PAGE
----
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Rubin, “America, Aristotle, and the Politics of a Middle Class”

6065I’ve been re-reading Tocqueville for a writing project, and have been struck once again by the crucial role he sees for religion in the American character. Tocqueville saw religion as providing a necessary restraint in a liberal republic. “At the same time that the law permits the American people to do everything,” he observed, “religion prevents them from conceiving everything and forbids them to dare everything.” Religion inculcated humility, without which Americans might easily fall into prideful excess.

I thought of all this when I read the announcement of a very interesting-looking new book from Baylor University Press, American, Aristotle, and the Politics of a Middle Class, by the late scholar Leslie Rubin. Rubin argues that the America of the founding era manifested the virtues of modesty and moderation necessary for Aristotle’s vision of the best politics. I have to think the sober Protestantism of the founding era had much to do with it. Here is the description of the book from the publisher:

Aristotle’s political imagination capitalizes on the virtues of a middle-class republic. America’s experiment in republican liberty bears striking similarities to Aristotle’s best political regime—especially at the point of the middling class and its public role. Author Leslie Rubin, by holding America up to the mirror of Aristotle, explores these correspondences and their many implications for contemporary political life.

Rubin begins with the Politics, in which Aristotle asserts the best political regime maintains stability by balancing oligarchic and democratic tendencies, and by treating free and relatively equal people as capable of a good life within a law-governed community that practices modest virtues.

The second part of the book focuses upon America, showing how its founding opinion leaders prioritized the virtues of the middle in myriad ways. Rubin uncovers a surprising range of evidence, from moderate property holding by a large majority of the populace to citizen experience of both ruling and being ruled. She singles out the importance of the respect for the middle-class virtues of industriousness, sobriety, frugality, honesty, public spirit, and reasonable compromise. Rubin also highlights the educational institutions that foster the middle class—public education affords literacy, numeracy, and job skills, while civic education provides the history and principles of the nation as well as the rights and duties of all its citizens.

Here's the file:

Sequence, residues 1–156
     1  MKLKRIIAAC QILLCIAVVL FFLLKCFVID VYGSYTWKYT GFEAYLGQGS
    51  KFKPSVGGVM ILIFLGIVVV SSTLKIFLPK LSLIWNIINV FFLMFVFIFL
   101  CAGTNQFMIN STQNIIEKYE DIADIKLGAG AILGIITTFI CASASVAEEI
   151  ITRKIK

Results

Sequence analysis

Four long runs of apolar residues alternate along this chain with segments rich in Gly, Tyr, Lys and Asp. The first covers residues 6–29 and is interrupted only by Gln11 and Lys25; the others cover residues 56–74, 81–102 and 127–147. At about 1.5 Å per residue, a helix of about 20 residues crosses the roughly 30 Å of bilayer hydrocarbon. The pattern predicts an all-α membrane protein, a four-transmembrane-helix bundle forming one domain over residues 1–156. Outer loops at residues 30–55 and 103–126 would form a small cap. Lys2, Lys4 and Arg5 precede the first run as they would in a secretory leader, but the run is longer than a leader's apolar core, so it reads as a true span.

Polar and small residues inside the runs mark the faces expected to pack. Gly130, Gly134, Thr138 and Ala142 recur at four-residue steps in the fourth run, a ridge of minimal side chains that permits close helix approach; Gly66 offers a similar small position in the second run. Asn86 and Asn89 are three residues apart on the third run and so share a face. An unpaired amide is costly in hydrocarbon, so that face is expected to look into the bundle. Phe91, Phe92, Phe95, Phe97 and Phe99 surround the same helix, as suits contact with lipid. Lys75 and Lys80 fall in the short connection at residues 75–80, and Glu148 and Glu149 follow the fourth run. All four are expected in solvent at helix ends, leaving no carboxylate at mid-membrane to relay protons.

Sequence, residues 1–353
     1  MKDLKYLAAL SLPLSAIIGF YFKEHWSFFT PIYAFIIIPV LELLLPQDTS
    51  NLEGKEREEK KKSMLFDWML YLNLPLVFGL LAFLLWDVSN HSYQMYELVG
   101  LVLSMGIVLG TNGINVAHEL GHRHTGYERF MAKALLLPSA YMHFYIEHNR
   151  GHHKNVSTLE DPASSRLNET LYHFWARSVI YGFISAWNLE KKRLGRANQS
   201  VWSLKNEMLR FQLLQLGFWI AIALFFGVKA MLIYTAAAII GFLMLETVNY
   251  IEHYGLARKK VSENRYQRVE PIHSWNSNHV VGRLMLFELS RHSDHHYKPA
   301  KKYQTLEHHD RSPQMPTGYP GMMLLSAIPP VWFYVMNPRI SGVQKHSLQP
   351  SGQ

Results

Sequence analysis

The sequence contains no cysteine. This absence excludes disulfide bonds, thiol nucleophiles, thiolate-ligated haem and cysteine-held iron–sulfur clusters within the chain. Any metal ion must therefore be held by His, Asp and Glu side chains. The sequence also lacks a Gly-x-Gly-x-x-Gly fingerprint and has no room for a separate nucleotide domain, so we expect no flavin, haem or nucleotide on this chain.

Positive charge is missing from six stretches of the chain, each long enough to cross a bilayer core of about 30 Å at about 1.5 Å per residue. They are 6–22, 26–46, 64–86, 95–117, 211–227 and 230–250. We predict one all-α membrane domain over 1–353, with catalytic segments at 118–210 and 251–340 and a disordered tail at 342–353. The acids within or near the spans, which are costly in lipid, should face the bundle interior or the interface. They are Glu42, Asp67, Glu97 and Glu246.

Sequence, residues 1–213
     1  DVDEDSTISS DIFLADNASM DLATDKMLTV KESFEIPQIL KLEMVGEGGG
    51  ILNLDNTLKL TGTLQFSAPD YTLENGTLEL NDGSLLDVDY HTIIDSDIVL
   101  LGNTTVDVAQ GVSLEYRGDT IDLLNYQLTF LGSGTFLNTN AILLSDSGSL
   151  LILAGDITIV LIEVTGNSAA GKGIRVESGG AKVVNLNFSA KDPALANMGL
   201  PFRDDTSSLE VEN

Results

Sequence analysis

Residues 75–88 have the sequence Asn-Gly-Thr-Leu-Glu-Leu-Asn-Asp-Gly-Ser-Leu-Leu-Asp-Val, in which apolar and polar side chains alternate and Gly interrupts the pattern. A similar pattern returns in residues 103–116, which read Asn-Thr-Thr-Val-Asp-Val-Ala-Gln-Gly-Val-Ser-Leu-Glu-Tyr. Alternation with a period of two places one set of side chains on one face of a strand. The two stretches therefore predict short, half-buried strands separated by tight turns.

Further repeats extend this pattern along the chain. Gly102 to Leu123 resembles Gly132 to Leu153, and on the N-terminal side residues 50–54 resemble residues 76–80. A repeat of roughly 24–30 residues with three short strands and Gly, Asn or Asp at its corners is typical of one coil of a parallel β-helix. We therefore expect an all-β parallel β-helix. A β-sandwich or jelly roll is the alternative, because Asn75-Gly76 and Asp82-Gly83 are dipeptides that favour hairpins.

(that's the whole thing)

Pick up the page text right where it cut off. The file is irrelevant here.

Wise voices from the past, both of ancient Greece and postcolonial America, commend the middle class. The erosion of a middle class and the descent of political debate into polarized hysteria threaten a democratic republic. If the rule of the people is not to fall into demagoguery, then the body politic must remind itself of the requirements—both political and personal—of free, stable, and fair political life.

Pitts, “Boundaries of the International”

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One of the many enjoyable nuggets in Patrick Deneen’s new book on liberalism is this one: John Stuart Mill, that great exponent of tolerance, argued that the West should impose liberalism on “‘uncivilized’ peoples in order that they might lead productive economic lives, even if they must be “for a while compelled to it,’ including through the institution of ‘personal slavery.'” By contrast, the Christian conservative Edmund Burke insisted, at an earlier moment in imperialist history, that colonial powers should allow local, non-European religious cultures to continue–as in India, for example. The difference is worth remembering, when people tell you how liberalism inherently promotes neutrality, and conservatism, bigotry. Things are a lot more complicated.